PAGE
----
In a discussion on Blab recently, a group of social media pros were talking about the potential of live-streaming and what's coming next. The consensus view of that group, which included some highly active live-streamers, was that Facebook, if it so decided, could dominate live-streaming very quickly if it spent time refining it's live-streaming option - currently only available to celebrities through Facebook Mentions - and gave access to everyone. Facebook's audience dominance, highlighted by its 1.49 billion active users, is just too much, there's no way anyone would be able to compete if Facebook gave all those users access to such functionality, if they did it right.
But giving everyone access to live-streaming on Facebook is a risk. Too many people streaming poor quality content might turn users off and lead to complaints, and likely, algorithm shifts to downgrade it's reach. In this sense, giving access to celebrities is a great starting point, as it'll give those influential users a chance to showcase how live-streaming can be used and what it's value is, with high reach potential, before Facebook opens the flood gates to everyone. If that's, of course, Facebook's plan at all. Is Facebook even looking to provide an on-platform, live-streaming service to all users?
While their true plan for live-streaming is not yet clear, Facebook have today announced that they're going to give access to Mentions and Live Streaming (just called 'Live' on Facebook) to a wider range of users. Access will be granted to 'public figures' - which basically means anyone with a verified profile. And while that's still somewhat restrictive, the main aim of this update is to provide access to journalists in order to encourage them to share more content direct to Facebook.
As noted in Facebook's official announcement, journalists and public figures will now be able to use Mentions to:
Report from the scene and interact with your followers live.
With Live, you can report from the scene, host a Q&A and connect in realtime with your followers. We recently published some best practices to help you have a successful live session.
See what people are saying about you and the topics you care about.
Check out what people are saying about you and other topics you follow. You can also see what topics are currently trending on Facebook.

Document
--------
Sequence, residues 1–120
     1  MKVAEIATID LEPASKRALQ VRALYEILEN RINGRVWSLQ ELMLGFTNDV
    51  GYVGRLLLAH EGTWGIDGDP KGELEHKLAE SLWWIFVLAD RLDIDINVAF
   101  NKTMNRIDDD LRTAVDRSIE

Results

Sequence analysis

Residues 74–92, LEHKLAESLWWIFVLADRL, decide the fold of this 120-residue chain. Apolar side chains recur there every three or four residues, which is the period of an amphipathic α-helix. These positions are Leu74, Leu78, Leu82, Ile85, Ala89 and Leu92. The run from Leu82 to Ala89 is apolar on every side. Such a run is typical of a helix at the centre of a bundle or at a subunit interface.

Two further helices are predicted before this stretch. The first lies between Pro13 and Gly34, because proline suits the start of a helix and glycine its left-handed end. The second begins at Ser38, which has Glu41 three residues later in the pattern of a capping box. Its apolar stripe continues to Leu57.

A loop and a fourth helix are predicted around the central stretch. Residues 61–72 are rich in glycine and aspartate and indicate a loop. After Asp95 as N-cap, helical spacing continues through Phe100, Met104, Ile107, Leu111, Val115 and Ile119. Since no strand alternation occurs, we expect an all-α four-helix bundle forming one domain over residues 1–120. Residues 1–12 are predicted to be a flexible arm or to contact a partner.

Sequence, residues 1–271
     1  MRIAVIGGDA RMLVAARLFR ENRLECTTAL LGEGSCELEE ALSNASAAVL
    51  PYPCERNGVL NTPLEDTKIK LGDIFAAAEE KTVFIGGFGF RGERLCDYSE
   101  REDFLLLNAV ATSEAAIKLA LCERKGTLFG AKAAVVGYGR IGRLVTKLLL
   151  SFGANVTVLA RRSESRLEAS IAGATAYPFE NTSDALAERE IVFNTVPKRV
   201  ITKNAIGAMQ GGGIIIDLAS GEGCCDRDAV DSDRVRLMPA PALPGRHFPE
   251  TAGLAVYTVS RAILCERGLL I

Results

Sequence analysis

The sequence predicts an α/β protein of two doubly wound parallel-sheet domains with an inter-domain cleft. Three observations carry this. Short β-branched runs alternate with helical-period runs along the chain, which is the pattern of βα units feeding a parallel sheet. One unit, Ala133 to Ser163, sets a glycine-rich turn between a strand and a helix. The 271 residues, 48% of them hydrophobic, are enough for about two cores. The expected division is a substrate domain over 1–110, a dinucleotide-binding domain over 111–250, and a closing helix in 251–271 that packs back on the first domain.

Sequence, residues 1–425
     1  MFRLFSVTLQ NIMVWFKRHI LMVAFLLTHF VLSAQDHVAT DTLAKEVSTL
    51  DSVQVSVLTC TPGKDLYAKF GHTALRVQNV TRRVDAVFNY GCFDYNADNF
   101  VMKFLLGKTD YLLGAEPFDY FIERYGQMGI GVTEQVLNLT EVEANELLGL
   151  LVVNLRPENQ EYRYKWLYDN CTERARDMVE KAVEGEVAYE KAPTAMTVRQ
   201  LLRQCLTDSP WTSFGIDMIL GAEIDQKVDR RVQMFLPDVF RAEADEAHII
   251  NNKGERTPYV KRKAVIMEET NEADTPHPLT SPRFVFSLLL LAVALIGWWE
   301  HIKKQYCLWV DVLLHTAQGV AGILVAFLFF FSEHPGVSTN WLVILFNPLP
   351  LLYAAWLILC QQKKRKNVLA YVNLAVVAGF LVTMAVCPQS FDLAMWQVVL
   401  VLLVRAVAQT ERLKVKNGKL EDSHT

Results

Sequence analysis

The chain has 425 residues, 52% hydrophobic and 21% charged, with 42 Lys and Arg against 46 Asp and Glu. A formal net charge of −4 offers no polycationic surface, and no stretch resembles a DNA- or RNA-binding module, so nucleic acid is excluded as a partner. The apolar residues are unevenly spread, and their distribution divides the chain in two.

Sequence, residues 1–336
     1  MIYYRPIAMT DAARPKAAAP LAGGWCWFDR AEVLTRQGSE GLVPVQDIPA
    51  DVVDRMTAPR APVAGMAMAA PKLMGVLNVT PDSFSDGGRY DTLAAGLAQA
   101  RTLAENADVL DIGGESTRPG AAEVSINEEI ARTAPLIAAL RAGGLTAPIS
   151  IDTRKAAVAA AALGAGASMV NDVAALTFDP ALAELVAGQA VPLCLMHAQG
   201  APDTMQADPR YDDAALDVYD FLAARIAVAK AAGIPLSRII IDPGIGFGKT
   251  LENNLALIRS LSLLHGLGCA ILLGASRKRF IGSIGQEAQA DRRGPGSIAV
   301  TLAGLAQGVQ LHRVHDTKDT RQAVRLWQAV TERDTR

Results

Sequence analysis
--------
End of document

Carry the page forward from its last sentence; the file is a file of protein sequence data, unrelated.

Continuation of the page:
Post publicly or share with your followers.
Whether you're sharing text, links, photos or something else, Mentions lets you choose the audience you want to share with. For example, you can share a post so only your followers see it in News Feed.
There's two key areas of focus here. Tthe first is reporting live, and for Facebook, the benefit here is obvious. The more content posted direct to Facebook the better, as it means more people will be on Facebook for longer accessing that exclusive material. If journalists get a good response to this content - which, as noted, Facebook can ensure by boosting the reach of such posts - they'll be more likely to post more often, and maybe, eventually, they'll even start to rely on that audience reach as part of their regular routine. Building a dependence on Facebook reach can be problematic, as we know, but such is the ever-present lure of The Social Network - unmatched reached with easy, immediate response.
The second point of note is the ability for Mentions users to share their content with specific audiences. As noted by Josh Constine in his post (and Facebook Live video) on TechCrunch, this has long been an issue for journalists looking to better utilize Facebook. For example, I write about social media marketing, something few of my Facebook friends care too much about, so I rarely post my articles to Facebook to avoid spamming them with content they're not interested in. This update gives me the option of sharing my Social Media Today posts with only my followers, which will enable me to better utilize Facebook for professional purposes.
It's a welcome update for journalists, and goes further to underlining the why of this announcement - to get more exclusive content within Facebook's eco-system.
"My Voice is My Passport..."
In addition to the announcement, Facebook has provided a link for people to fill out if they're a public figure (or journalist) and want to be considered for access to Mentions. Word is that Facebook will be looking to approve a new round of verifications to expand the use of the new features, so if you think you're worthy, give it a shot (you need to provide a copy of your photo ID and a link to your official website so they can check you out).
The expansion of access to Mentions and Live is not surprising - when Facebook first launched its live-streaming option, many suggested that it would only be a matter of time till they provided this functionality to all users, and that they'd be taking their time to ensure they got it right and didn't overwhelm people's News Feeds. This announcement supports that view, and shows that Facebook does have expanded plans for live-streaming.
Access to Facebook live-streaming for all users is likely just a matter of time.
(Also, 10 points for anyone who got the 'Sneakers' reference in the last sub-head)